Antarctic Science

IX SCAR International Biology Symposium

New insights into the origins of crustaceans of Antarctic lakes

John A.E. Gibsona1a2 c1 and Ian A.E. Baylya3a4

a1 Institute for Antarctic and Southern Ocean Studies, University of Tasmania, Private Bag 77, Hobart, Tasmania 7001, Australia

a2 School of Zoology, University of Tasmania, Private Bag 5, Hobart, Tasmania 7001, Australia

a3 School of Biological Sciences, Monash University, Victoria 3800, Australia

a4 501 Killiecrankie Road, Flinders Island, Tasmania 7255, Australia

Abstract

New evidence regarding the origins of the Crustacea of Antarctic lakes is reviewed. Palaeolimnological data indicates that the cladoceran Daphniopsis studeri has been present in Lake Reid, Larsemann Hills, for over 120 000 yr. This is the first direct evidence of a continental lacustrine refugium during the last glacial maximum. There are strong indications that the calanoid copepod Boeckella poppei maintained populations over the same period in lakes of the Amery Oasis, and the rapid post-glacial colonization by this species of newly formed lakes on the Antarctic Peninsula and Signy Island argues for a local rather than an extra-continental source. Evidence for the entry of marine-derived species into the longer term fauna of the continent is also presented. It is concluded that many of the Crustacea in Antarctic lakes are likely to have had a long association with the continent.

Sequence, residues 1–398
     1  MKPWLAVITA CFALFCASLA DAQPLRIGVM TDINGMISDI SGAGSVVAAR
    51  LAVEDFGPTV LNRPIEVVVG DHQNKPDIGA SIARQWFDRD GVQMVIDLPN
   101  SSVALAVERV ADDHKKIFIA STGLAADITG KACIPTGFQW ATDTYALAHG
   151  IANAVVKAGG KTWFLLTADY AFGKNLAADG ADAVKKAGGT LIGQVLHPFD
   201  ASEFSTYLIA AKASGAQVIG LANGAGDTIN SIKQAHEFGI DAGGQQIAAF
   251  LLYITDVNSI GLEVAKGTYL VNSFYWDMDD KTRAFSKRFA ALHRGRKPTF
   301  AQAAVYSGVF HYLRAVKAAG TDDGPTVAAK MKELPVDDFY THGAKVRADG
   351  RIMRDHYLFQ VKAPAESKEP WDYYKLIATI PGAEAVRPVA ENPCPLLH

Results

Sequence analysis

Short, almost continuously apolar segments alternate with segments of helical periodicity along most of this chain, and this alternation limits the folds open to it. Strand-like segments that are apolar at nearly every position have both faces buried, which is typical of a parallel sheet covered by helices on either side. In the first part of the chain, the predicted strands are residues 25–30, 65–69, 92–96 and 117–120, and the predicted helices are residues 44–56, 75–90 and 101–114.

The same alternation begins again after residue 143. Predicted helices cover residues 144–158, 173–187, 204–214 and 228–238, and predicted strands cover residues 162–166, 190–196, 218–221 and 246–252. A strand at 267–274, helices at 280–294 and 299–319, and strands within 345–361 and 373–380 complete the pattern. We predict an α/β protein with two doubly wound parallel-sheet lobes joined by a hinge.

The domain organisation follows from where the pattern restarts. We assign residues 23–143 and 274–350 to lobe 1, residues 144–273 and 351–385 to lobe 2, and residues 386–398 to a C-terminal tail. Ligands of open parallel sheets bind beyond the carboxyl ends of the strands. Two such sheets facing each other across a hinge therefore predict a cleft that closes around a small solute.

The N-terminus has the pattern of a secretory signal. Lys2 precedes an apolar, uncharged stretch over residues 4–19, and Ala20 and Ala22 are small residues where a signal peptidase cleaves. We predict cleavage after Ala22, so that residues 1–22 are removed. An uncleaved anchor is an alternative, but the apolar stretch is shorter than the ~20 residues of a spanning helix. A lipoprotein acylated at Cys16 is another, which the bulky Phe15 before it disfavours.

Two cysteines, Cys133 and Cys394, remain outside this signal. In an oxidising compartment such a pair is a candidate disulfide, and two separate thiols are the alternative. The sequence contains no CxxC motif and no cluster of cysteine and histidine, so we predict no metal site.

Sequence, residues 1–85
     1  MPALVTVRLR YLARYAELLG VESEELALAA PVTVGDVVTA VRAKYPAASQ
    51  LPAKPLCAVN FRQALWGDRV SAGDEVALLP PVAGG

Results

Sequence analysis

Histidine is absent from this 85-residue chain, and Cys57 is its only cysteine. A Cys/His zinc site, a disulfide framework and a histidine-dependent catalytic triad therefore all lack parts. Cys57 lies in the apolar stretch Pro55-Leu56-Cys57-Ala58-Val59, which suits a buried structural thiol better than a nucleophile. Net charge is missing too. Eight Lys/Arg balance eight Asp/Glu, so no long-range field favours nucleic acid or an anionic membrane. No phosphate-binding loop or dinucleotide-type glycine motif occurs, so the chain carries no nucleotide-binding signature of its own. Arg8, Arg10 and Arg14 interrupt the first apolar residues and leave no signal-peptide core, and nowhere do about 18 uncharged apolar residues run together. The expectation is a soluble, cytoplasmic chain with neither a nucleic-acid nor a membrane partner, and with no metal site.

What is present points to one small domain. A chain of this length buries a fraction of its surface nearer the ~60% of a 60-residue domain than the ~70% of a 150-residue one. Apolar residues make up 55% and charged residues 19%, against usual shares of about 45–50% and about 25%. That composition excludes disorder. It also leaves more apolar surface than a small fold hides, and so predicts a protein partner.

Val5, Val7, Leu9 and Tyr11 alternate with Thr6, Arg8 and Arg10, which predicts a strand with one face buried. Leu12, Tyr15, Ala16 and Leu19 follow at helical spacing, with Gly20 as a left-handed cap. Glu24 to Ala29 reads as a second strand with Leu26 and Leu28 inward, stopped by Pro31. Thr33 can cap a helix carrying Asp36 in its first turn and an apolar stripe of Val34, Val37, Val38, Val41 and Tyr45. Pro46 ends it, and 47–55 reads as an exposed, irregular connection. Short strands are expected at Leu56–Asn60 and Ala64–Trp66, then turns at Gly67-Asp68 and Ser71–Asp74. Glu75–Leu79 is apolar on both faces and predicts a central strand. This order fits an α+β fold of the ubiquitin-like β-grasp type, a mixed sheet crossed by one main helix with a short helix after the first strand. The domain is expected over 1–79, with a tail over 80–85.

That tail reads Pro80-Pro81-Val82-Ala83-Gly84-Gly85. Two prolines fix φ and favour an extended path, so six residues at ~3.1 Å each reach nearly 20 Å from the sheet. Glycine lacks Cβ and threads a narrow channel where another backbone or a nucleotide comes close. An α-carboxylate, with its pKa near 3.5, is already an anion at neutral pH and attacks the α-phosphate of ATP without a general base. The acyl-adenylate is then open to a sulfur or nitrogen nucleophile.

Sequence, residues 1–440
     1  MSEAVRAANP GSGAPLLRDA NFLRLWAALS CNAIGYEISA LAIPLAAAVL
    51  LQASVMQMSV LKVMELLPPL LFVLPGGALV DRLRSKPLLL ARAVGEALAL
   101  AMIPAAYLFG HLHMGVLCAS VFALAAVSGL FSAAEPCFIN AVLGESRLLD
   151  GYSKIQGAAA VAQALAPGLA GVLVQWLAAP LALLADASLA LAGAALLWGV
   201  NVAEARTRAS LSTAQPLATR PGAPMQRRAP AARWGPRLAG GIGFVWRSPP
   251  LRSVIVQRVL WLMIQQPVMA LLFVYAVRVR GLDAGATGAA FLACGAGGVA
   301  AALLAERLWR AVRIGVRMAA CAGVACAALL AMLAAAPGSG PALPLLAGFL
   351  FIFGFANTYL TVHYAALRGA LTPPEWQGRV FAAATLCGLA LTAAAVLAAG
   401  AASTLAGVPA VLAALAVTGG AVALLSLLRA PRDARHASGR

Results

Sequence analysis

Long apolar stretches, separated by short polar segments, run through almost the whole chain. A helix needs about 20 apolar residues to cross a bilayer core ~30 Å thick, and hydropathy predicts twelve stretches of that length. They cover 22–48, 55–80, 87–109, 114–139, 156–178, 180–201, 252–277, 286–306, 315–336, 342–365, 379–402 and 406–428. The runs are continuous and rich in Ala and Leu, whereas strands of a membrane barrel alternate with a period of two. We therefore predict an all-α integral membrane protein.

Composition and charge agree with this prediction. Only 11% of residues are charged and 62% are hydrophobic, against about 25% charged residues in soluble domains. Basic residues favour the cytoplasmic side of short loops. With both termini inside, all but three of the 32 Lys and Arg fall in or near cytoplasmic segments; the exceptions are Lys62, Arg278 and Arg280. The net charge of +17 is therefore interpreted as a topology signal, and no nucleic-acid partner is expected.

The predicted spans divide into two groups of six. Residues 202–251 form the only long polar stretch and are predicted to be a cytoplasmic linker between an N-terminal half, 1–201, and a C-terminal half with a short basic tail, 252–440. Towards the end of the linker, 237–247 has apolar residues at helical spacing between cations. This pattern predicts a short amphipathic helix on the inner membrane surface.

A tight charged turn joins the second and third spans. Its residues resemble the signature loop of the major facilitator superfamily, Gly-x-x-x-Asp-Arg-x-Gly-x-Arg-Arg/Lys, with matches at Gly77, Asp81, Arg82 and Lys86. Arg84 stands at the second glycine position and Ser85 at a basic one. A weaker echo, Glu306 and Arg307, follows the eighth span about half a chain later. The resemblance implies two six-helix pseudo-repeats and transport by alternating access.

(Received March 29 2006)

(Accepted May 15 2006)

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